Tortilla chips or taco shells
Preheat your BBQ to medium high, about 400F.
Create a double layer, approx. 8-inch x 8-inch tin foil pouch.
In a large bowl, combine the cubed sweet potatoes, beans & onions. Drizzle with the olive oil, season with salt, pepper, cumin and chili powder. Toss to combine. Transfer the potato mixture onto the foil in an even layer. Fold the top of your tin foil pouch over the mixture and seal the edges tightly. Place on grill and cook for 18 -22 minutes until your potatoes are fork tender. Remove from the heat and carefully open the foil pouch, garnish with fresh cilantro, avocado, a generous squeeze of fresh lime, crumbled feta and serve with taco chips or warm tortillas.
Angie Quaale Tip:
This can be served as a side dish, a salad or as a filling for some killer tacos. Leave the cheese out to make the dish vegan and make extra. Transform the leftovers into a breakfast hash by adding a fried egg, guaranteed to cure even the most vicious hangover!
Thought I’d tell you about two local Foodie events taking place this month in the Fraser Valley
From Field to Table:
Celebrate our local, fresh and juicy strawberries, blueberries, blackberries and raspberries in the best way possible: straight from the field!
It’s no surprise that BC berries right from the farm just taste so much better, therefore Well-Seasoned Gourmet Food Store has partnered up with traditional berry producer in the Fraser Valley, Driediger Farms, for a legendary and “berry” delicious Farm to Plate Dinner. This four-course, family style dinner will be prepared by Executive Chef Carl Sawatsky and Angie Quaale in the farm fields. Besides the food, guests will enjoy local drinks and live music. It’s going to be an evening to remember!
Thursday, August 8, 2019 at 6 PM (dinner served at 6:45 PM).
Enjoy a welcome drink, local cheese & charcuterie and one glass of beer or wine along with a delicious four-course menu prepared by Well-Seasoned Gourmet Food Store. Cost: $150 per person + GST. More BC Wine, craft beer and cider will be offered at a cash bar for guests 19+.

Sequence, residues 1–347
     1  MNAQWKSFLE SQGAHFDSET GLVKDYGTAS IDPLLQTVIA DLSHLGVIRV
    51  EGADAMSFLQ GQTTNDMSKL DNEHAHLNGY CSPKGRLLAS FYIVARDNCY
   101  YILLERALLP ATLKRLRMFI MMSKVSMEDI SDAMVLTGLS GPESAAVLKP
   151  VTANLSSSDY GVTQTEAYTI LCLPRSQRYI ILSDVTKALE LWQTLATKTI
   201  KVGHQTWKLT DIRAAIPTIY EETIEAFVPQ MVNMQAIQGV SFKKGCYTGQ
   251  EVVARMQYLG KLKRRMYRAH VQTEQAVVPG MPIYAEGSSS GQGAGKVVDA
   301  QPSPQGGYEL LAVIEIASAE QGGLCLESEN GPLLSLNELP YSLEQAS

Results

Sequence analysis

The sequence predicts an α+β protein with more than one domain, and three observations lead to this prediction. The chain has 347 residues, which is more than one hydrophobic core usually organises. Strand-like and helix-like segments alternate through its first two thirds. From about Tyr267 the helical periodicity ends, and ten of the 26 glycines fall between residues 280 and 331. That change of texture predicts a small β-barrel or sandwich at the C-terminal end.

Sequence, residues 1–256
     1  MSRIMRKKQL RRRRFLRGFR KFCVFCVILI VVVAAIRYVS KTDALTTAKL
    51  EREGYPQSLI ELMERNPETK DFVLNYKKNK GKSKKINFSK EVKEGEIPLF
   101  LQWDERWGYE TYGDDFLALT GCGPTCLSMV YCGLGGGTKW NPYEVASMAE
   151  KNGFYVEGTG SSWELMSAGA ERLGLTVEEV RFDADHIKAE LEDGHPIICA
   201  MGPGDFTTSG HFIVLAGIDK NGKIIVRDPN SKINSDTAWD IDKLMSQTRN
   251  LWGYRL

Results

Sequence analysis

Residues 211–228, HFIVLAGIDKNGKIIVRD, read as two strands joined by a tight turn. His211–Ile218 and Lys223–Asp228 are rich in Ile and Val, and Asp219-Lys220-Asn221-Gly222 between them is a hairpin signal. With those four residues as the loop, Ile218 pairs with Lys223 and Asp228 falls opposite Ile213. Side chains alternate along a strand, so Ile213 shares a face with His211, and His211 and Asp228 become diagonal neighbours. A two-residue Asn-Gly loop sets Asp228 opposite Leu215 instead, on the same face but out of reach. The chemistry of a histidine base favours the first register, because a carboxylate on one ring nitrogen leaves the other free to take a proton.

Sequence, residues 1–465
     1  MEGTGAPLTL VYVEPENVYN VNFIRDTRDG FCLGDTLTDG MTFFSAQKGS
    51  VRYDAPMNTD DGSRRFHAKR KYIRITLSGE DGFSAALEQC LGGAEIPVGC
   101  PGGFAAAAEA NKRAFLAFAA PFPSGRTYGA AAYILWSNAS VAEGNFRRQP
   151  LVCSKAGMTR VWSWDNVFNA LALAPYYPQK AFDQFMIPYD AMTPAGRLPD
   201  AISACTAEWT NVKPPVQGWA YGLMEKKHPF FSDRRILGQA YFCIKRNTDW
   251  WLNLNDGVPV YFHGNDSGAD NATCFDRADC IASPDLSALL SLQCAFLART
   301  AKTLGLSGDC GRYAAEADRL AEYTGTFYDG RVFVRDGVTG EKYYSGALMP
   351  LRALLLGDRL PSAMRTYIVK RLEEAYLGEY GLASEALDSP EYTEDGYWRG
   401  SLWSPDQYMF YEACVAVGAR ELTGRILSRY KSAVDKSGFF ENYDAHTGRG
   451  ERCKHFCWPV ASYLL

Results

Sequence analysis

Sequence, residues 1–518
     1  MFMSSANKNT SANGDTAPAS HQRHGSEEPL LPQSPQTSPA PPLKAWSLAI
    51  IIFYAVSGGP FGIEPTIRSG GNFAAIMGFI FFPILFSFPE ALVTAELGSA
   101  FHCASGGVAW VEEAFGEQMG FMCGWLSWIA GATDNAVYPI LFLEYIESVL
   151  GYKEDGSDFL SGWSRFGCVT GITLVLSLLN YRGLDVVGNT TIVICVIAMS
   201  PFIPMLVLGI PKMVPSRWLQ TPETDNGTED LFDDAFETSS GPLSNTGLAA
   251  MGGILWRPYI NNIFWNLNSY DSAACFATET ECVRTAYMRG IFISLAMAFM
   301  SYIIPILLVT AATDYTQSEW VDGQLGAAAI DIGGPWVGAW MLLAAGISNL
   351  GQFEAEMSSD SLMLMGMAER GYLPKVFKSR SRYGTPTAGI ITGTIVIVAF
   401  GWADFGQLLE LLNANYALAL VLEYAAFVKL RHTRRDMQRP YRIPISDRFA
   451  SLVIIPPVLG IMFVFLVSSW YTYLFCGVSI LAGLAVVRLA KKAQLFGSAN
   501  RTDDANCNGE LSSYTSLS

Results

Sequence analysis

From its humble beginnings on the Langley Bypass in 2004, Well Seasoned Gourmet Food Store has not only established itself as the go-to for foodies in the Fraser Valley, but it has also gained recognition across the country for its vision, trendy food creations, and championing the support of eating local.
From the start, owner Angie Quaale’s goal was to make Well Seasoned Gourmet Food Store a launch pad for small scale food producers and locally grown items. Over the last 15 years, Well Seasoned has supported hundreds of brands and even created many of its own. Now it’s time to celebrate all they have accomplished.
Well Seasoned Gourmet Food Store is celebrating its 15th birthday! Join the party during the Hot August Nights Open House tasting event on Tuesday, August 13 from 6-8 PM , at the Well Seasoned store (#117-20353 64 Ave, Langley BC).
This free, giant open house is where you will sample and shop tons of delicious local products, meet with the makers, and wish Well Seasoned a happy 15th birthday. The more the merrier!
This flatbread tastes similar to a thin crust pizza (my personal favorite), but with less calories, and it’s perfect for when friends drop by unexpectedly (or not) and you want to serve up something relatively easy to make in a hurry and extremely tasty.
Try to have some staples on hand always. It will make your life much easier.
I start with a low-carb tomato-basil or Italian herb wrap or actual flatbread (available at pretty much any worthwhile grocery store).
Set the oven to 350F and put the flatbread on a tray for about five minutes on its own to crisp it up.
Then take it out and add the following (above photo shows what I had on hand at the time which thankfully ended up to be more than enough and extremely flavorful to boot).
tomato sauce and/or paste (I like the tube – it’s less messy)
Thinly sliced sweet onion
Grated cheese (mozzarella or parmesan)
A bit of Burrata…even better!
Drizzle with olive oil & a bit of balsamic and spices to taste.
Put back in the oven for another 5-10 minutes. Take it out. Cut into squares. Serve.
Tip: Of course you can vary the toppings to suit your taste! Spinach + Feta? If you’re a meat lover add pepperoni, etc. You can have fun with this. There are so many variations.
I’ve had this recipe on hold since I’ve been making my own bone broth from scratch. I add the rich broth to many recipes and also use it to mix over meat for the dogs. I think this one taken from GooP (Gwyneth Paltrow’s Lifestyle website) is worth sharing because it claims to be The Best Bone Broth on the Planet. Now who’s going to argue with that?
How to Make the Best Bone Broth on the Planet
Marco Canora started serving bone broth from the takeaway window at his NYC restaurant Hearth in 2014. In fact, it was so wildly popular that he built Brodo, a whole restaurant devoted to the stuff, in 2016. But that’s not where it all started for him. “I had a relationship with broth long before it was called ‘bone broth’—and long before I knew anything about its health benefits,” says the chef and entrepreneur, who also runs Zadie’s Oyster Room in the East Village. “Our signature broth at Brodo is pretty much the same broth I learned to make as a child, watching my mom in the kitchen.”